Fri, Apr 03, 2009 - Page 16 News List

FILM REVIEW: Life, death, love and the family

Japanese filmmaker Hirokazu Kore-eda crafts a beautiful story of a family brought together by the memory of a deceased son

By Ian Bartholomew  /  STAFF REPORTER

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Family reunions are fruitful material for meditations on life, death and love, and Still Walking (Aruitemo Aruitemo) follows in this long and well-worn tradition.

A simple story of a family reunion to commemorate the death of an older brother, the narrative brings together two aging parents and a brother and a sister, each with their own families. The action takes place in the family home. The setup could not be simpler, but from these simple ingredients, director Hirokazu Kore-eda has created a work of such nuance and depth that the first thing you want to do on leaving the cinema is to walk right back in and watch it all over again.

The film opens with a scene of Chinami (You) helping her mother Toshiko (Kirin Kiki) in the kitchen grating radishes for a family meal. Their inconsequential chatter opens up a window that overlooks a precipice separating the two generations. As we get to know the Yokoyama family, we find each of them inhabiting an isolated outpost on the shifting sands of their own memories and expectations, unable, except for the briefest moments, to cross over. When contact is made, the principals don’t always realize it.

The themes of memory and abandonment, explored in Kore-eda’s earlier and more experimental work, are all there, but they have been subsumed into a conventional form that serves to reduce the background noise to a minimum, allowing his beautifully crafted yet naturalistic screenplay to shine. The family eat and talk, the undercurrents of their thoughts occasionally bubble up to the surface, revealed by a word or gesture, then sink back down again. The beauty of the film is that everything is revealed through everyday actions, from grating radishes to eating sushi. Nobody shouts, nobody cries, yet there is a pervasive sadness about the simple fact that life goes on, whatever else may happen.

FILM NOTES

STILL WALKING (ARUITEMO ARUITEMO)

DIRECTED BY: HIROKAZU KORE-EDA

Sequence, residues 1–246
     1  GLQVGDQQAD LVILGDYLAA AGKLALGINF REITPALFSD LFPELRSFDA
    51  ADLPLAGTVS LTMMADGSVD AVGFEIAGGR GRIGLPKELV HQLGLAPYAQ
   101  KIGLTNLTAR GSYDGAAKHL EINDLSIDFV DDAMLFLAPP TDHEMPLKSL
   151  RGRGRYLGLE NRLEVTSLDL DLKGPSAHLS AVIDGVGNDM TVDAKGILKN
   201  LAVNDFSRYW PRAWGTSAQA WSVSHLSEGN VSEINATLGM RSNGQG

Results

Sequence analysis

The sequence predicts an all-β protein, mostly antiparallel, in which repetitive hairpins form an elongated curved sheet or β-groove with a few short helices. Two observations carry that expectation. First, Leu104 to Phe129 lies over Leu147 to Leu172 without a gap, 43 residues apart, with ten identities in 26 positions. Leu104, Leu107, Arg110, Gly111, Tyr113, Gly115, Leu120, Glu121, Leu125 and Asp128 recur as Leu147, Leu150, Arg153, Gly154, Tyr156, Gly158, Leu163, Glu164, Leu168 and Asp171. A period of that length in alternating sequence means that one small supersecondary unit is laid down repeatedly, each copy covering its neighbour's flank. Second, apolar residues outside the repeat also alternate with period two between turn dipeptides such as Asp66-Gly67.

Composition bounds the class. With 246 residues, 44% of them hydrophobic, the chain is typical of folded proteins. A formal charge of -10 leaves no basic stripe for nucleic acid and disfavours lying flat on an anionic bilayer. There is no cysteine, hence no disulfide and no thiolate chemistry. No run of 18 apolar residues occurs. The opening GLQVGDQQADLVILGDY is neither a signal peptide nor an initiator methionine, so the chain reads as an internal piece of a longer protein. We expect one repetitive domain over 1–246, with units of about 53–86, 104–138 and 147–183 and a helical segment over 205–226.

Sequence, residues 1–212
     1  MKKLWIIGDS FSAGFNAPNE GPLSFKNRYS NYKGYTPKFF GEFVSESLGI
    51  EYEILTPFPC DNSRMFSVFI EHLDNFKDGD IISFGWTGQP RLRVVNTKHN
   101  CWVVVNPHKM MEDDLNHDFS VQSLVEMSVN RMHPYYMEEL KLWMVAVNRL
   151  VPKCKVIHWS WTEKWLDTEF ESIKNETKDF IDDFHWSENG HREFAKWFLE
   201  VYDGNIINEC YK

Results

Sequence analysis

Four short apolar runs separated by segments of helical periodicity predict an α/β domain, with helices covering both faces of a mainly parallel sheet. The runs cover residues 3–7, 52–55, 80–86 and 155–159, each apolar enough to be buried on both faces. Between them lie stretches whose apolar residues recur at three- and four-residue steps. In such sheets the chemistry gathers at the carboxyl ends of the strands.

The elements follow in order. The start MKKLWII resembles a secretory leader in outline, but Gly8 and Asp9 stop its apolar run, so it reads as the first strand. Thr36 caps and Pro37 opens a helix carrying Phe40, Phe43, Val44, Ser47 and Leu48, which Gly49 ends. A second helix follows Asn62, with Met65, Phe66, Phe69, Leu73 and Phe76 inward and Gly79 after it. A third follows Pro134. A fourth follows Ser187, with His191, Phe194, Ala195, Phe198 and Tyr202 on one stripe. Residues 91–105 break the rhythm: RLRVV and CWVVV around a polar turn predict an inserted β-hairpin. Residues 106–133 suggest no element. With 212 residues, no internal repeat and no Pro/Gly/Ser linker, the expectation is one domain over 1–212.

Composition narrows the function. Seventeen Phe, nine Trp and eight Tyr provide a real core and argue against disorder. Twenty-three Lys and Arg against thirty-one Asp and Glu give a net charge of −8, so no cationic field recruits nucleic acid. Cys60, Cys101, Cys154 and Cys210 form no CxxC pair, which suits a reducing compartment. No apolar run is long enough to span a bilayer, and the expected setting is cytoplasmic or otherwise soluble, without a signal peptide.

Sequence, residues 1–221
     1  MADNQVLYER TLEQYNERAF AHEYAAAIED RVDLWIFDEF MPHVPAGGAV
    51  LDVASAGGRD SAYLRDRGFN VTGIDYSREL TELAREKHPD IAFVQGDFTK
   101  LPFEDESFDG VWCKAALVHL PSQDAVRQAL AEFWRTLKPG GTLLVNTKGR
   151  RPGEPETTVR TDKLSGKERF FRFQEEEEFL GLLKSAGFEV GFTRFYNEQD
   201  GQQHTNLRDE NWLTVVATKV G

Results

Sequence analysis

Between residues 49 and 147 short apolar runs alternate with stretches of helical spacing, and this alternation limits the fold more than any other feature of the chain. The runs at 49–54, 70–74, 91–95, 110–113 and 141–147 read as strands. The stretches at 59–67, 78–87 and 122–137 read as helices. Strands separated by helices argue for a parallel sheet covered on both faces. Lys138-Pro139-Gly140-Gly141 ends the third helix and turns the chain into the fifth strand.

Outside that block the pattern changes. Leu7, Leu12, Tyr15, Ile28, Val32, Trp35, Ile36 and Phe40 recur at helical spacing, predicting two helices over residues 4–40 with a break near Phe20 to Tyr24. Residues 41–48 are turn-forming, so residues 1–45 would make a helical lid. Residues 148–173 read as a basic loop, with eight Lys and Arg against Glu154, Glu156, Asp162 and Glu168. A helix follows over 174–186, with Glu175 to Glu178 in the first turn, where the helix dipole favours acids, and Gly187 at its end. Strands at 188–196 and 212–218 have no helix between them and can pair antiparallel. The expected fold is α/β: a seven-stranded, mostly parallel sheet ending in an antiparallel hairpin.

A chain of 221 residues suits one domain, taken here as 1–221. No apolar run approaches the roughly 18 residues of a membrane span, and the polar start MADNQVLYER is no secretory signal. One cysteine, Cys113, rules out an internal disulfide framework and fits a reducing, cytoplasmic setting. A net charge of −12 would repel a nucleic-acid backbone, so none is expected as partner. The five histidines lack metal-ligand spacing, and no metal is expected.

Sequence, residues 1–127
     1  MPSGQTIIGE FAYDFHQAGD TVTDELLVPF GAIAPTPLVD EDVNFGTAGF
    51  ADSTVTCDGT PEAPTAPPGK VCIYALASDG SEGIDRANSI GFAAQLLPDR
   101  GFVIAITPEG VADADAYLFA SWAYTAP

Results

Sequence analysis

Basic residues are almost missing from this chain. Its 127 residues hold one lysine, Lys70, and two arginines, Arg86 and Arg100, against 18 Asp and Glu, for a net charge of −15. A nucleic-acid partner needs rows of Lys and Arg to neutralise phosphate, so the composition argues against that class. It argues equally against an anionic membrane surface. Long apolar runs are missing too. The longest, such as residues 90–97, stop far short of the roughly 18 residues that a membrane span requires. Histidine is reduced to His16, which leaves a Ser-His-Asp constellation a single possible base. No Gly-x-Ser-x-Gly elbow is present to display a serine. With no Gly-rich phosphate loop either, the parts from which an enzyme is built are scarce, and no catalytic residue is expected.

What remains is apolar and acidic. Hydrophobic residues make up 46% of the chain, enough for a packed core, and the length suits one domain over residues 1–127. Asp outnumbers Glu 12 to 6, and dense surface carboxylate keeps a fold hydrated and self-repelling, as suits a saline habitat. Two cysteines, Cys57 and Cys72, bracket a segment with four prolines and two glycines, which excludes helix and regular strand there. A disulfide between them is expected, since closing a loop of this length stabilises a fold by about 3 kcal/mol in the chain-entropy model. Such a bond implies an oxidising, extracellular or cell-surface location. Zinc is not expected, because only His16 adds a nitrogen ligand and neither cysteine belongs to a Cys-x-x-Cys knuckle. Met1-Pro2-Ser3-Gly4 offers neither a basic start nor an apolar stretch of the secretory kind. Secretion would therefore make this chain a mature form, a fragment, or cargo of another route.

STARRING:

YOU (CHINAMI KATAOKA), HIROSHSHI ABE (RYOTA YOKOYAMA), YOSHSHIO HARADA (KYOHEI YOKOYAMA), RYOGA HAYASHSHI (MUTSU KATAOKA), KIRIN KIKI (TOSHSHIKO YOKOYAMA), YUI NATSUKAWA (YUKARI YOKOYAMA), HOTARU NOMOTO (SATSUKI KATAOKA)

LANGUAGE:IN JAPANESE WITH CHINESE SUBTITLES

RUNNING TIME: 114 MINUTES

TAIWAN RELEASE: TODAY


The single set piece within the drama is the arrival of an awkward young man to pay his respects to Junpei, the Yokoyama’s eldest son. In saving this young man, Junpei lost his life, and Toshiko never wants him to forget it. He sits uncomfortably as he is served with tea and cakes, each courtesy an indictment against his physical and living presence. Toshiko, brilliantly played by Kiki Kirin, admits that she feels obliged to put him through this ordeal every year, as some small compensation for her loss. Her bitterness is spine-tingling, for a brief second opening up a peephole into the darkness behind her simpering smiles and the elaborate courtesy of a Japanese matron.

Toshiko’s second son, Ryota, visits with his new wife, Yukari (Yui Natsukawa), a widow with a young son. Ryota is prepared for a day of bickering with his father about his career and his marriage. Yukari puts her best face on, not helped by her husband’s sullen refusal to engage with his parents. Ryota’s father (played by Yoshio Harada), a retired doctor missing the professional heyday of his past and endlessly comparing the son he still has with the one he lost, is too real a person to completely lose the viewer’s sympathy.

There is a pervasive humor that is both muted and rather dark in Still Walking, but Kore-eda steers clear of comedy just as assiduously as he keeps away from melodrama. The director’s view of life is one filled with what might be described as a life-affirming sorrow. He delights in the imperfect goodness of his characters and acknowledges their frailties without ever laughing at them. Each small step toward understanding one another is a major triumph, though these victories are transitory, quickly overtaken by life’s onward flow.

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